And, because Boggel belongs to the select and exclusive group of people who understands this, Sandy will just have to do until he discovers somebody he can tell this to.

On Days Like These (# 3)

man-on-the-bench-at-sunset-4211Boggel is painfully aware of the faces behind the chintz curtain in the bar, staring at him while he sips his beer.He realises that they must have guessed what the letter said – maybe not exactly, but at least the gist of it – and now they’re unsure about how to approach him. Truth be told…he doesn’t quite know how to react himself.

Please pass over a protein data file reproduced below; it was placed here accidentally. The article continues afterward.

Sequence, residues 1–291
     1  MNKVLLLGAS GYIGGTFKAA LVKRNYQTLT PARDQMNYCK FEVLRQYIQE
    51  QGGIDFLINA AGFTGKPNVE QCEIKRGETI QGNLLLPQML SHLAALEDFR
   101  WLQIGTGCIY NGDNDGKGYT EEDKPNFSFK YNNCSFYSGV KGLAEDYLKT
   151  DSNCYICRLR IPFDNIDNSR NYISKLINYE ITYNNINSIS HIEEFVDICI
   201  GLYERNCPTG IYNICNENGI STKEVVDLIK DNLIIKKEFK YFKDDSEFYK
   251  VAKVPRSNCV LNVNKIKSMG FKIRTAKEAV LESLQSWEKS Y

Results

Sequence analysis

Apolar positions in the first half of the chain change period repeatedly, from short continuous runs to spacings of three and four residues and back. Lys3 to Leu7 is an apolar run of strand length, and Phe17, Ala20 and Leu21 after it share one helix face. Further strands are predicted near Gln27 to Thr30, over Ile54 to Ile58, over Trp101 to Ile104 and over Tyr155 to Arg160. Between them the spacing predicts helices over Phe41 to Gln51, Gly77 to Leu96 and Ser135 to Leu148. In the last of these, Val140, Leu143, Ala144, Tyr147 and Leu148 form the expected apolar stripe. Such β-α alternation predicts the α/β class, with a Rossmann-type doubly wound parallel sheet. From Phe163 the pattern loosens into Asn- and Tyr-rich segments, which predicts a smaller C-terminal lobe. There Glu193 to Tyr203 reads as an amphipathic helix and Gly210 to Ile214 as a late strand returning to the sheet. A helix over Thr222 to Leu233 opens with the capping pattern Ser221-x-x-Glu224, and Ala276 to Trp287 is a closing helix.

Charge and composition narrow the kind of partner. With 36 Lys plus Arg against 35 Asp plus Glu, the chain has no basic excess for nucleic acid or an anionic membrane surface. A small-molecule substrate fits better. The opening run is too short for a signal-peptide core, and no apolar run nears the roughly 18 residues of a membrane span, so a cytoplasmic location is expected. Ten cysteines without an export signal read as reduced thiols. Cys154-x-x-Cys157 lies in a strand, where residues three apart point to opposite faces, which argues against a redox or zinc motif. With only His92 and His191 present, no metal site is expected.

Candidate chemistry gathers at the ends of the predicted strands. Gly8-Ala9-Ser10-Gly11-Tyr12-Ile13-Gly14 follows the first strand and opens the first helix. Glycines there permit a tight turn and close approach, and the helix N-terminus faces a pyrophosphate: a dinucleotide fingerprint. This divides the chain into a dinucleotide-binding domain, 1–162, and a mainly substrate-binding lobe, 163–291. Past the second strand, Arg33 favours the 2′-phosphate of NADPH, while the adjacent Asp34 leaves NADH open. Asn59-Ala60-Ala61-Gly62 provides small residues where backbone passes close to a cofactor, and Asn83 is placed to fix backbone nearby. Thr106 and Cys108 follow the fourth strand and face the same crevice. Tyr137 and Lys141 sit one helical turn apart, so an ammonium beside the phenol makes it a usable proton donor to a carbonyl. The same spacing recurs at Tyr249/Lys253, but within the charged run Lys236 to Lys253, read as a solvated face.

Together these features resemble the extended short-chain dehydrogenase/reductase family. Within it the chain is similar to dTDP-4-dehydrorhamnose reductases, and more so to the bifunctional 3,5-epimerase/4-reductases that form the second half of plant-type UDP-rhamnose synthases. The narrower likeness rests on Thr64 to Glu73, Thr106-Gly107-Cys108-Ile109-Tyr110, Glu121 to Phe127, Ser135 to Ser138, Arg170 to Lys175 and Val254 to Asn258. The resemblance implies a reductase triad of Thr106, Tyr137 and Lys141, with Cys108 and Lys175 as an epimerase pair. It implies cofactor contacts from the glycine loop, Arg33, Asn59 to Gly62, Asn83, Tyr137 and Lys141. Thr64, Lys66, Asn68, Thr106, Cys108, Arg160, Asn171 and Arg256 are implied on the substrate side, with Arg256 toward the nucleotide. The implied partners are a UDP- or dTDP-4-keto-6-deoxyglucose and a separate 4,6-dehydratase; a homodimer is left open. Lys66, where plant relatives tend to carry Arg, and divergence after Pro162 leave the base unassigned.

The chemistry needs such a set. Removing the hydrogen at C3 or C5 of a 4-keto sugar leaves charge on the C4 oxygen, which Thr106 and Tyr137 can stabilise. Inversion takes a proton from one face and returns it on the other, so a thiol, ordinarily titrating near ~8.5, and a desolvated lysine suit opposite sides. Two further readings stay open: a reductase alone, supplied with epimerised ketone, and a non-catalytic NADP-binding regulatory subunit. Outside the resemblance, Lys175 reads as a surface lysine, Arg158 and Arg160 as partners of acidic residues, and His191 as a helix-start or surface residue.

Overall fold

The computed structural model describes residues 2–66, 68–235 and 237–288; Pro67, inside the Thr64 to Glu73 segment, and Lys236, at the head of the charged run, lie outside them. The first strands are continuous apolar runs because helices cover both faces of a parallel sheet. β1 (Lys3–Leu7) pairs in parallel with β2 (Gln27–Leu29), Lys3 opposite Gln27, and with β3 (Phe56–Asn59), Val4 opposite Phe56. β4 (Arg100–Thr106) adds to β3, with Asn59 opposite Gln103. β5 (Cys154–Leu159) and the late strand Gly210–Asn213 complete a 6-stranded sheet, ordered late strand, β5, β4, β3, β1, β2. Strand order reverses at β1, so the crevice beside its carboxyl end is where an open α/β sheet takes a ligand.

There can be no doubt that Mary Mitchell had been the one. The love of his life. The friend, the mate, the confidante. the sounding board, the comforter. And yes, life took them in different directions; and sure, nothing ever works out the way men and women hope. It is true, he thinks, that the biggest cause of disappointment is found in the fact that we hope too much. We dream too big.

But somehow, that thought contains only the minutest amount of consolation. In fact, it brings no relief at all. Life, after all, is about hoping. Dreaming. Anticipating. Without some expectation of a better future, it may well be worthless to go on. Now, realising Mary will never be part of his future, he is suddenly aware of a tremendous feeling of loss.

Then again: does he not grant her happiness, freedom? Has it not always his quest to want to see the beauty inside her blossom? And does he not grant her joy…and hope?